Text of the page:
Knee Injuries

Knee injuries can have a significant impact on the injured individual. The knee is the largest and one of the most complicated joints in the body. The knee is also a weight-bearing joint, which, if it is not functioning properly, can cause significant complications affecting your ability to work, move, and your overall quality of life.

Brief Anatomical Summary of the Knees

Your knees are the largest joints in your body. They connect the upper and lower parts of your legs. The leg is made up of four bones: the femur, tibia, fibula, and patella. The femur is the largest bone of the body and makes the upper part of the leg. The lower leg consists of two bones, the fibula and the tibia. The tibia is the larger of the two bones, and is on the medial, or middle side of the body. The upper portion of the tibia supports most of the body's weight. The smaller of the two bones in the bottom of the leg is the fibula. It is on the lateral, or outside of the body. The bottom of the fibula forms the ankle.

Minnesota personal injury claims often include fractures of the fibula or tibia, which can be caused by direct or indirect trauma to the lower leg. The last bone that makes up the leg is the patella. The patella is the knee cap. The patella serves an important function of protecting the knee joint from trauma.

Minnesota personal injury claims also often involve injuries not only to the bones of the leg and knee, but to the ligaments. The knee has multiple ligaments. First, there are cruciate ligaments consisting of the anterior cruciate ligament (ACL), and posterior cruciate ligament (PCL). The ACL is often considered the most important ligament of the knee. Injuries to the ACL can be caused by a direct blow to the back of the leg that drives the tibia bone forward. Injuries can also occur to the PCL. The PCL is the largest cruciate ligament in the knee. PCL injuries often occur when there is a blow to the front of the knee, such as when an individual is in an auto accident and their knee hits the dashboard. The knee also includes collateral ligaments, which stabilize the knee when it moves sideways. The collateral ligaments include the medial collateral ligament (MCL) and lateral collateral ligament (LCL).

Additionally, the knee has meniscus. The knee's meniscus acts as a shock absorber for the knee. The meniscus distributes weight across the surface of the tibia. There are two types of meniscus; the medial meniscus and the lateral meniscus. It is more frequent to see injuries to the medial meniscus. The medial meniscus attaches the medical collateral ligament, and injuries are seen when there is contact from the outside of the leg causing a strong impact to the knee. Also, meniscus injuries are seen when there is a twisting motion to the knee, as is sometimes seen in trip and fall and slip and fall injuries.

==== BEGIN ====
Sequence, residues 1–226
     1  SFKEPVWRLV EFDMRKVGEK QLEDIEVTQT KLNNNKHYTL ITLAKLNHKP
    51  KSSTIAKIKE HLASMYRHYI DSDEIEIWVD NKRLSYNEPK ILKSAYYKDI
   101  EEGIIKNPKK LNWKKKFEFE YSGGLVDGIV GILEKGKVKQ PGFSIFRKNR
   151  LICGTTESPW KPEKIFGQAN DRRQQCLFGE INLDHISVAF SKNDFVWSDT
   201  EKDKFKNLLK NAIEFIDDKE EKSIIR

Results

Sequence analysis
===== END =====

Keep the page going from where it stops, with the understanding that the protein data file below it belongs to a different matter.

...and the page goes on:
Knee Injury Cases

If you have suffered a knee injury due to the negligence of another, in an automobile accident, in a slip and fall or trip and fall situation, as a result of a defective product, or as a result of an on-the-job injury, please contact our team of compassionate and qualified Minnesota knee injury attorneys today by filing out the form on the side of this page or by calling us at either our Twin Cities or Mankato offices.

Contact Our Mankato / Chaska Personal Injury Lawyer

Reitan Law Office, PLLC has represented injured Minnesotans for more than 35 years and would be happy to discuss your knee injury case with you. There is no charge to meet with us to discuss your case and ask questions. Furthermore, there is no charge for attorney fees unless you recover . We provide two convenient locations to choose from. Please call 507-388-1800 in Mankato or 952-448-2800 in the Twin Cities and speak to a qualified and compassionate Minnesota personal injury lawyer today.